The Long and Winding Ballot of 2006

Essay by Martha Quillen

Politics – November 2006 – Colorado Central Magazine

ACCORDING TO the national media, this is a great election season for Democrats. A family values Republican resigned after it was revealed he’d been sending erotic e-mails to young male pages. The war in Iraq is going abysmally. Kim Jong Il is celebrating his entrance into the international nuclear family in open defiance to warnings from the Bush administration. New reports claim that terrorism has increased since the War on Terror began. Bob Woodward is out hawking his new book by telling everyone how Bush misled the American people. And a British general has announced that the Brits should get out of Iraq.

Yep, if you’re a Democrat, things are looking up.

Or are they?

Raging insurgents, suicide bombers, burned out cities, dead kids, disgraced politicians, belligerent dictators, and American soldiers caught in the wake of a civil war just don’t seem like anything to celebrate. Ed and I are Democrats, and the way we see it, recent events have been downright depressing.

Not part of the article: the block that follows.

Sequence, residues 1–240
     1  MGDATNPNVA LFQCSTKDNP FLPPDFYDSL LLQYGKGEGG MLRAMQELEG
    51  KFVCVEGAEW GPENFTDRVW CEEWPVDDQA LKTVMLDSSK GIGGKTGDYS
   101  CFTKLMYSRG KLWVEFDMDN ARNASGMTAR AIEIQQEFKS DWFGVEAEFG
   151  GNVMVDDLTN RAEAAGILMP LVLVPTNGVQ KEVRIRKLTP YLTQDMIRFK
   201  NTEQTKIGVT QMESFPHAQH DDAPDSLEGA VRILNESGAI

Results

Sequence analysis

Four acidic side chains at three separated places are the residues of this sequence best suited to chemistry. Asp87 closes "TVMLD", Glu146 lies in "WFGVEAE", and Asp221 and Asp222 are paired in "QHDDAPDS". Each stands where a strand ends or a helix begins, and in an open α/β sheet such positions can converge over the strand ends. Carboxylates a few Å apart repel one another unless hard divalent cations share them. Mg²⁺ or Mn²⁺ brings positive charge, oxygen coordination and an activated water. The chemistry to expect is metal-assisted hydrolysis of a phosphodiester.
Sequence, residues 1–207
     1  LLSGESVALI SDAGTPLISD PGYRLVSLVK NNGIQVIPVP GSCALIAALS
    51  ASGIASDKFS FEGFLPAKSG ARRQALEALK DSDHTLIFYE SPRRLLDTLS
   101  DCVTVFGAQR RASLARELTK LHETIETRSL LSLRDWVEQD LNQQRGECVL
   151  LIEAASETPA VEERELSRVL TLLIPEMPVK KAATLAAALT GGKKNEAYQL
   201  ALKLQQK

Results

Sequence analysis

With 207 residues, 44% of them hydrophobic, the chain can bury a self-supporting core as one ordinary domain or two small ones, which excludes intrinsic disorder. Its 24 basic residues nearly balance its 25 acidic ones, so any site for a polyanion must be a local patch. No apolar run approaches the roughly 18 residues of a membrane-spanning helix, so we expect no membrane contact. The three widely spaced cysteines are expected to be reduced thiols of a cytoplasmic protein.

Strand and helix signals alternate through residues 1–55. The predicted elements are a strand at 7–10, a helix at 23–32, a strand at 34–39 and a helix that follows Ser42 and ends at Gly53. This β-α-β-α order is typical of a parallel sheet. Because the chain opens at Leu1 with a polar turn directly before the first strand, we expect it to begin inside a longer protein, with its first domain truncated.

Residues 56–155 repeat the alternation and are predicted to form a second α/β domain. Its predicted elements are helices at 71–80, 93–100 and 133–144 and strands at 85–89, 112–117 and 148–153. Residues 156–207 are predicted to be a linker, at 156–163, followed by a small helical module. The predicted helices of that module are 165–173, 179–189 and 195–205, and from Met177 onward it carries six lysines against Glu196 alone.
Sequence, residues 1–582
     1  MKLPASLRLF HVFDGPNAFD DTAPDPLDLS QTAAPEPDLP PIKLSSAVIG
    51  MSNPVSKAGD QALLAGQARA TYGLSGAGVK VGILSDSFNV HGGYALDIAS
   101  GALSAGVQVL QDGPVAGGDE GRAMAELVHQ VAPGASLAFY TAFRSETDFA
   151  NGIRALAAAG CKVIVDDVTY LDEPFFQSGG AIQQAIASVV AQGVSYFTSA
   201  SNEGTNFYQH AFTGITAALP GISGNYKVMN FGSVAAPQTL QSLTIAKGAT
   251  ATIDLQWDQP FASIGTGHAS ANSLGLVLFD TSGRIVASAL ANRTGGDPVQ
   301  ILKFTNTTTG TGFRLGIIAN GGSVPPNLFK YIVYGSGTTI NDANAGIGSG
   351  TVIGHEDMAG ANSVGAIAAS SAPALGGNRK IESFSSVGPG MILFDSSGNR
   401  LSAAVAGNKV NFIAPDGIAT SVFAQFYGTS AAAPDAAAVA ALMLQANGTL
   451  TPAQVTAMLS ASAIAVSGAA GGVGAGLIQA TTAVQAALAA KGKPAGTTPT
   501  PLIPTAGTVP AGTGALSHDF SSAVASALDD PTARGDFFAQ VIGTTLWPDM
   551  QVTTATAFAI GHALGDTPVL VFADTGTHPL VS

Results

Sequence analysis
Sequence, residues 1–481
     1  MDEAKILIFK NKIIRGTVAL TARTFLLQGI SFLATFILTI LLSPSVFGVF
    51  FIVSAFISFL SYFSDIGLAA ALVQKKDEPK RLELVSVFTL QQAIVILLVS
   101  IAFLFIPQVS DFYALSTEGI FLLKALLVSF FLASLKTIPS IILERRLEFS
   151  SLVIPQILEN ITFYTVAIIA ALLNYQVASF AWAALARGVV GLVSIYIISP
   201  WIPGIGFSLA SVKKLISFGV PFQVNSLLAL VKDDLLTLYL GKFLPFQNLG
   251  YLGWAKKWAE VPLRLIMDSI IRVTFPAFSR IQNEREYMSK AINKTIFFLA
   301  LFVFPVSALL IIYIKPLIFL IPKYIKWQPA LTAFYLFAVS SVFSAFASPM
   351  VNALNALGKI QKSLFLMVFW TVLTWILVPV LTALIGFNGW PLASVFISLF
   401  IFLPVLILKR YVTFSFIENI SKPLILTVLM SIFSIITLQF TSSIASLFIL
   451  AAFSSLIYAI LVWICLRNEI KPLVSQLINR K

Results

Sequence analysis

— And so are the number of ballot proposals on this year’s ticket. With this many items to check, the human error vote is sure to weigh in all too well. So if you haven’t done so already, be sure to make yourself a cheat sheet before going to the polls.

And just in case you haven’t already decided. We recommend a “no, never, absolutely not” against Amendments 38, 39, 40, 41, and 43.

As for Amendments 42 (a Colorado minimum wage) and 44 (eliminating penalties for small amounts of marijuana), I’m leaning toward yes on both.

Although smoking marijuana strikes me as a waste of time and money, it isn’t as dangerous or addictive as drinking alcohol. Nor is marijuana known to arouse violent and aggressive behavior like alcohol. Unlike beer, wine and tobacco, marijuana doesn’t cause death, and it isn’t as costly or financially threatening as gambling.

But drinking and gambling are not merely tolerated, the State of Colorado actually promotes the latter. Whereas U.S. drug enforcement policy advocates fines, arrests, and imprisonment for people who use marijuana.

Considering the comparative hazards, it only seems fair to decriminalize marijuana use. Yet I shudder to imagine what we’ll see if marijuana is ever legalized (as it probably should be). Marijuana would probably be packaged, marketed, commercialized, and advertised. It would get touted, glamorized, and exported. Billboards, magazine covers, and 60-second spots would feature famed glitterati sucking down marijuana smoke. And the state and feds would tax it — and thus profit off of it.